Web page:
Moderator : Javier Antorán

Wed 20 Jul 7:30 a.m. PDT
— 9 a.m. PDT

Abstract:

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Wed 20 July 7:30 - 7:50 PDT

Oral

Gregor Bachmann · Lorenzo Noci · Thomas Hofmann

While Bayesian neural networks (BNNs) provide a sound and principled alternative to standard neural networks, an artificial sharpening of the posterior usually needs to be applied to reach comparable performance. This is in stark contrast to theory, dictating that given an adequate prior and a well-specified model, the untempered Bayesian posterior should achieve optimal performance. Despite the community's extensive efforts, the observed gains in performance still remain disputed with several plausible causes pointing at its origin. While data augmentation has been empirically recognized as one of the main drivers of this effect, a theoretical account of its role, on the other hand, is largely missing. In this work we identify two interlaced factors concurrently influencing the strength of the cold posterior effect, namely the correlated nature of augmentations and the degree of invariance of the employed model to such transformations. By theoretically analyzing simplified settings, we prove that tempering implicitly reduces the misspecification arising from modeling augmentations as i.i.d. data. The temperature mimics the role of the effective sample size, reflecting the gain in information provided by the augmentations. We corroborate our theoretical findings with extensive empirical evaluations, scaling to realistic BNNs. By relying on the framework of group convolutions, we experiment with models of varying inherent degree of invariance, confirming its hypothesized relationship with the optimal temperature.

Wed 20 July 7:50 - 7:55 PDT

Spotlight

Martin Jankowiak · Du Phan

Variational inference is a powerful paradigm for approximate Bayesian inference with a number of appealing properties, including support for model learning and data subsampling. By contrast MCMC methods like Hamiltonian Monte Carlo do not share these properties but remain attractive since, contrary to parametric methods, MCMC is asymptotically unbiased. For these reasons researchers have sought to combine the strengths of both classes of algorithms, with recent approaches coming closer to realizing this vision in practice. However, supporting data subsampling in these hybrid methods can be a challenge, a shortcoming that we address by introducing a surrogate likelihood that can be learned jointly with other variational parameters. We argue theoretically that the resulting algorithm allows an intuitive trade-off between inference fidelity and computational cost. In an extensive empirical comparison we show that our method performs well in practice and that it is well-suited for black-box inference in probabilistic programming frameworks.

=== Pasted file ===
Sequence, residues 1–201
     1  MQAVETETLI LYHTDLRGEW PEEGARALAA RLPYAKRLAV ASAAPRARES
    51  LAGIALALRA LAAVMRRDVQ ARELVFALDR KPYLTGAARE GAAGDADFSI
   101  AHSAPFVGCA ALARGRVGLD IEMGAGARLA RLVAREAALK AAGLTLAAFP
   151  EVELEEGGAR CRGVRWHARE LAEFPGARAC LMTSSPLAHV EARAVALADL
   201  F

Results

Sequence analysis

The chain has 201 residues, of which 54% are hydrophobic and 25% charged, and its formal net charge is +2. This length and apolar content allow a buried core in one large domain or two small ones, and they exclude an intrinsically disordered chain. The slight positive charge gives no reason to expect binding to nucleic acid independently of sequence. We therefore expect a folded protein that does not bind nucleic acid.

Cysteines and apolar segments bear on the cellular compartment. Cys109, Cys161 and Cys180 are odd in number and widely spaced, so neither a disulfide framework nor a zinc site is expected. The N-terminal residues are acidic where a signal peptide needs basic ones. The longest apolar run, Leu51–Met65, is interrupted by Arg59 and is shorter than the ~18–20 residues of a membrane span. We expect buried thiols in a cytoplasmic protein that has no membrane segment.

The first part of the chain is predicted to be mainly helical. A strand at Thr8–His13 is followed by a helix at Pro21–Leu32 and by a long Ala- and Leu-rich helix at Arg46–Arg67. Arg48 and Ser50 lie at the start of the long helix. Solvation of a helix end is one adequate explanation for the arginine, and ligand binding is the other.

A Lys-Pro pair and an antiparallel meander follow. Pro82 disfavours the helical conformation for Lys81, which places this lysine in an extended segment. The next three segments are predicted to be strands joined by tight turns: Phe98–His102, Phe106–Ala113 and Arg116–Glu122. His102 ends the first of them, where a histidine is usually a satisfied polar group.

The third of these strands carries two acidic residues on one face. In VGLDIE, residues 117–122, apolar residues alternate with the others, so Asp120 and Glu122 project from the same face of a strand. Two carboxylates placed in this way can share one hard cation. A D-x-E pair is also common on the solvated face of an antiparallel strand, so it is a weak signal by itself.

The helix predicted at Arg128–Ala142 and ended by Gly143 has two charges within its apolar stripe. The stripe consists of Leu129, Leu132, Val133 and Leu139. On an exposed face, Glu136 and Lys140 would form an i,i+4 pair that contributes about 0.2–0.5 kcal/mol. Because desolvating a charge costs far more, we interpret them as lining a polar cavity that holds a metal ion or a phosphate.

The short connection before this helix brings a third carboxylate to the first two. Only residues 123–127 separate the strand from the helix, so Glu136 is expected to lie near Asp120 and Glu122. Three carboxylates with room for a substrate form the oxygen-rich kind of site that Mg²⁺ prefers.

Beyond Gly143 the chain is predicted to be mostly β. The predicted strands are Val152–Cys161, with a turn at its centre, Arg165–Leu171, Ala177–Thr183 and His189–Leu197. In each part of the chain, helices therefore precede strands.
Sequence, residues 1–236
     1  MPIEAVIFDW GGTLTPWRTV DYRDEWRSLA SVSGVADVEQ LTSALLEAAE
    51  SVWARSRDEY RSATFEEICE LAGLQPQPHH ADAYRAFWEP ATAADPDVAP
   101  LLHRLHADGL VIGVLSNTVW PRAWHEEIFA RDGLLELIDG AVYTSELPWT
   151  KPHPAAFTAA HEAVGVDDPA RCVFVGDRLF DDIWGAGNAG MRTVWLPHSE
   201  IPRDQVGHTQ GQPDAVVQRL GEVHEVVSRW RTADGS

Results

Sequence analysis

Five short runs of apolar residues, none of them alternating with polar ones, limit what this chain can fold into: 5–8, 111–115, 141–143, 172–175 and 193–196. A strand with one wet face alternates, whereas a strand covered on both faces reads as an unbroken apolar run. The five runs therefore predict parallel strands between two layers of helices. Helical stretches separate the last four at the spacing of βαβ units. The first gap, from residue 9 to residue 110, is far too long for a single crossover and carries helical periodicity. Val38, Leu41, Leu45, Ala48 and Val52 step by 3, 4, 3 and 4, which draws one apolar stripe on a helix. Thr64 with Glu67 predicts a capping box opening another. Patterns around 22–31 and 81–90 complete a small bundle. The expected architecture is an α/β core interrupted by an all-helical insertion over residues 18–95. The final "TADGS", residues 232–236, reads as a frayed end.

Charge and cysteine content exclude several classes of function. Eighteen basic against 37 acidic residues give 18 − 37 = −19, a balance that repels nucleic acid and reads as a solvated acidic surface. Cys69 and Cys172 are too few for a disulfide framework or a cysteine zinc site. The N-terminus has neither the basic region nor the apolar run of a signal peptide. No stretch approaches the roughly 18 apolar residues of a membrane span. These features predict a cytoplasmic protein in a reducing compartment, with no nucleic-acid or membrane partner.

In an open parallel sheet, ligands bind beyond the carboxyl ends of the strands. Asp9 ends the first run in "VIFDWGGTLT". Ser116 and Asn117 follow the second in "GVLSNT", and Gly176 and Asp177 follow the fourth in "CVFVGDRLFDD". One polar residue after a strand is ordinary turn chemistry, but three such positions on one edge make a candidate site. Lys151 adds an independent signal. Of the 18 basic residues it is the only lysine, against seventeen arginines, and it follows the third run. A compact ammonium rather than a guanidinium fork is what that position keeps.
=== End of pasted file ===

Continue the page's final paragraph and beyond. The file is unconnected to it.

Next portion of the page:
Wed 20 July 7:55 - 8:00 PDT

Spotlight

Conor Tillinghast · Zheng Wang · Shandian Zhe

We propose a nonparametric factorization approach for sparsely observed tensors. The sparsity does not mean zero-valued entries are massive or dominated. Rather, it implies the observed entries are very few, and even fewer with the growth of the tensor; this is ubiquitous in practice. Compared with the existent works, our model not only leverages the structural information underlying the observed entry indices, but also provides extra interpretability and flexibility — it can simultaneously estimate a set of location factors about the intrinsic properties of the tensor nodes, and another set of sociability factors reflecting their extrovert activity in interacting with others; users are free to choose a trade-off between the two types of factors. Specifically, we use hierarchical Gamma processes and Poisson random measures to construct a tensor-valued process, which can freely sample the two types of factors to generate tensors and always guarantees an asymptotic sparsity. We then normalize the tensor process to obtain hierarchical Dirichlet processes to sample each observed entry index, and use a Gaussian process to sample the entry value as a nonlinear function of the factors, so as to capture both the sparse structure properties and complex node relationships. For efficient inference, we use Dirichlet process properties over finite sample partitions, density transformations, and random features to develop a stochastic variational estimation algorithm. We demonstrate the advantage of our method in several benchmark datasets.